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YAASI: Yet Another Anti-Spam Idea

Branden and I had an idea to help with the spam problem on our system, and it’s proven particularly effective. How effective? Here’s the graphs from the last year of email on my system. Can you tell when I started using the system?

If you want to see the live images, check here.

The idea is based on the following observations: certain addresses on my domain ONLY get spam. This is generally because they either don’t exist or because I stopped using them; for example, spammers often send email to buy@memoryhole.net. Branden and I also both use the user-tag@domain scheme, so we get a lot of disposable addresses that way. These addresses are such that we know for certain that anyone sending email to them is a spammer. Some of these addresses were already being rejected as invalid; some we hadn’t gotten around to invalidating yet.

By simply rejecting emails sent to those addresses, we were able to reduce the spam load of our domains by a fair bit, and the false-positive rate is nil. But we took things a step further: since spammers rarely send only one message, often they will send spam to both invalid AND valid addresses.

If I view those known-bad addresses as, essentially, honeypots, I can say: aha! Any IP sending to a known-bad address is a spammer, and I can refuse (with a permanent fail) any email from that IP for some short time. I started with 5 minutes, but have moved to an exponentially increasing timeout system. Each additional spam increased the length of the timeout (5 minutes for the first spam, 6 for the second, 8 for the third, and so on). Longer-term bans, as a result of the exponentially increasing timeout, are made more efficient via the equivalent of /etc/hosts.deny. I haven’t gotten into the maintaining-my-spammer-database much yet, but I think this may not be terribly important (I’ll explain in a moment).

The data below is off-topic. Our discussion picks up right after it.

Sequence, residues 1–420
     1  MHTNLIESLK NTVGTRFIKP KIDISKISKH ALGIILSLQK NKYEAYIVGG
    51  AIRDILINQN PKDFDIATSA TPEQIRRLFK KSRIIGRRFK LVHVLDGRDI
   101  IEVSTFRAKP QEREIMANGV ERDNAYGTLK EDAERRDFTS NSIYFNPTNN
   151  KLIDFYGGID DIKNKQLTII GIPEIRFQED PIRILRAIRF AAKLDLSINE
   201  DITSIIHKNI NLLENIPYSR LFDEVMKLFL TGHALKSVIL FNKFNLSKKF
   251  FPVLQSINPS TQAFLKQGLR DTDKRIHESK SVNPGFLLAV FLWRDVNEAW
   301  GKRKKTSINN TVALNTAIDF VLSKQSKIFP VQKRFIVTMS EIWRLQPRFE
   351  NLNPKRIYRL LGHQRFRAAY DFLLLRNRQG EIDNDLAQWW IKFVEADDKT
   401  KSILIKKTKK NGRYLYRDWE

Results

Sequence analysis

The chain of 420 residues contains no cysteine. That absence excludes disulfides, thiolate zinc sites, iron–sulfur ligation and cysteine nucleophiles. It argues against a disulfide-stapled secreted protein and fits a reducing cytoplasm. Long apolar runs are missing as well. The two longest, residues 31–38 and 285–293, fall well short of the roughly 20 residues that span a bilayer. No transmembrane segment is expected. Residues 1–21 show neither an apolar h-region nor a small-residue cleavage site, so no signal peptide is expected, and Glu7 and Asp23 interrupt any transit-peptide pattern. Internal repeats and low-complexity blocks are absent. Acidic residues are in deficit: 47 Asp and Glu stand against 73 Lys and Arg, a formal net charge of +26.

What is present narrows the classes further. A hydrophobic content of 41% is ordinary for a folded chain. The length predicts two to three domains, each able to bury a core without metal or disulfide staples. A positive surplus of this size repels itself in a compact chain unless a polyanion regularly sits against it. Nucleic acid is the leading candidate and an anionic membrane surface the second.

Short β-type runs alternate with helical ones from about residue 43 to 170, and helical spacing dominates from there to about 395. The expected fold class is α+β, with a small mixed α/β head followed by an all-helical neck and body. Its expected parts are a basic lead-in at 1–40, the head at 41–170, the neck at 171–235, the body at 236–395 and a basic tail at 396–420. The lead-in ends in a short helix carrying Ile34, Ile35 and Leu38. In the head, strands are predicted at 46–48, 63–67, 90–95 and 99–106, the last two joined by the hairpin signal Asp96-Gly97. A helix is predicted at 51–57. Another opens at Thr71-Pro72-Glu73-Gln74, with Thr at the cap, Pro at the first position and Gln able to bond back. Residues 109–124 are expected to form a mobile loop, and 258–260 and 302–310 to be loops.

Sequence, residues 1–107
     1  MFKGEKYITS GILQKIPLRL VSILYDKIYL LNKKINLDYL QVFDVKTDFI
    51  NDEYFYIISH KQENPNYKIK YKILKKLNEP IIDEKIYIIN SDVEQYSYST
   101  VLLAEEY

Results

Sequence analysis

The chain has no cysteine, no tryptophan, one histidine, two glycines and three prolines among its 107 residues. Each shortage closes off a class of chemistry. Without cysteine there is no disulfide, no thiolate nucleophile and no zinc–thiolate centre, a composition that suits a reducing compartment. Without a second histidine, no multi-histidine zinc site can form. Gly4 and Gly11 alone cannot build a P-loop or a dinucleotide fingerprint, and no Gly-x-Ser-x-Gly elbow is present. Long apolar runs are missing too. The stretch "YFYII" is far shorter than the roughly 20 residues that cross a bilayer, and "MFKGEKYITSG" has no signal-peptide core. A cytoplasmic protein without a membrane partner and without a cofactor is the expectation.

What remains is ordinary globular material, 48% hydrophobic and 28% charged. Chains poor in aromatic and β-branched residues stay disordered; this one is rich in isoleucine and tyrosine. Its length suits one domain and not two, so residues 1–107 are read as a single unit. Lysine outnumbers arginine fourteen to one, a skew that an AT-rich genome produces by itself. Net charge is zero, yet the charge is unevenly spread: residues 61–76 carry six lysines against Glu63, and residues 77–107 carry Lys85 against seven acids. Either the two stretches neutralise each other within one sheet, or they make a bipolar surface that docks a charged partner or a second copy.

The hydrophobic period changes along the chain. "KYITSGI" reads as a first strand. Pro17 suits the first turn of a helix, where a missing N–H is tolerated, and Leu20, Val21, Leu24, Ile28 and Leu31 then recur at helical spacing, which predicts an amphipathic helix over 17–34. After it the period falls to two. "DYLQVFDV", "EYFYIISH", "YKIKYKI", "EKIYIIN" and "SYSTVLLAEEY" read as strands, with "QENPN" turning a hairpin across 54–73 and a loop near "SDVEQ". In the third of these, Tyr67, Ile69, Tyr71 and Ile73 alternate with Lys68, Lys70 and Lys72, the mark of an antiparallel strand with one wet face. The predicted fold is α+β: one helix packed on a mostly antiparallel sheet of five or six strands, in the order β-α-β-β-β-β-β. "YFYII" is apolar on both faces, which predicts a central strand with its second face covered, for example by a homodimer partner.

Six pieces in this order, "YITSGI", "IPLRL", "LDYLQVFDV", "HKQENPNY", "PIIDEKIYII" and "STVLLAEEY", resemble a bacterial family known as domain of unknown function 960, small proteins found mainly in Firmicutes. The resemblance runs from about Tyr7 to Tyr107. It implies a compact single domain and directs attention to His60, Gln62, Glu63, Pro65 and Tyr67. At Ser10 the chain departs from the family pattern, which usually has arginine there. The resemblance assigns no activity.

One of the best parts of the system is that it is fast: new spammers that identify themselves by sending to honeypot addresses get blocked quickly and without my intervention. So far this has been particularly helpful in eliminating spam spikes. Another feature that I originally thought would be useful, but hasn’t really appeared to be (yet) is that it allows our multiple domains to share information about spam sources. Thus far, however, our domains seem to be plagued by different spammers.

Now, interestingly, about a week after we started using the system, our database of known spammers was wiped out (it’s kept in /tmp, and we rebooted the system). Result? No noticeable change in effectiveness. How’s that for a result? And, as you can see from the graph above, there’s no obvious change in spam blocking over the course of a month that would indicate that the long-term history is particularly useful. So, it may be sufficient to keep a much shorter history. Maybe only a week is necessary, maybe two weeks, I haven’t decided yet (and, as there hasn’t yet been much of a speed penalty for it, there’s no pressure to establish a cutoff). But, given that most spam is sent from botnets with dynamic IPs, this isn’t a particularly surprising behavior.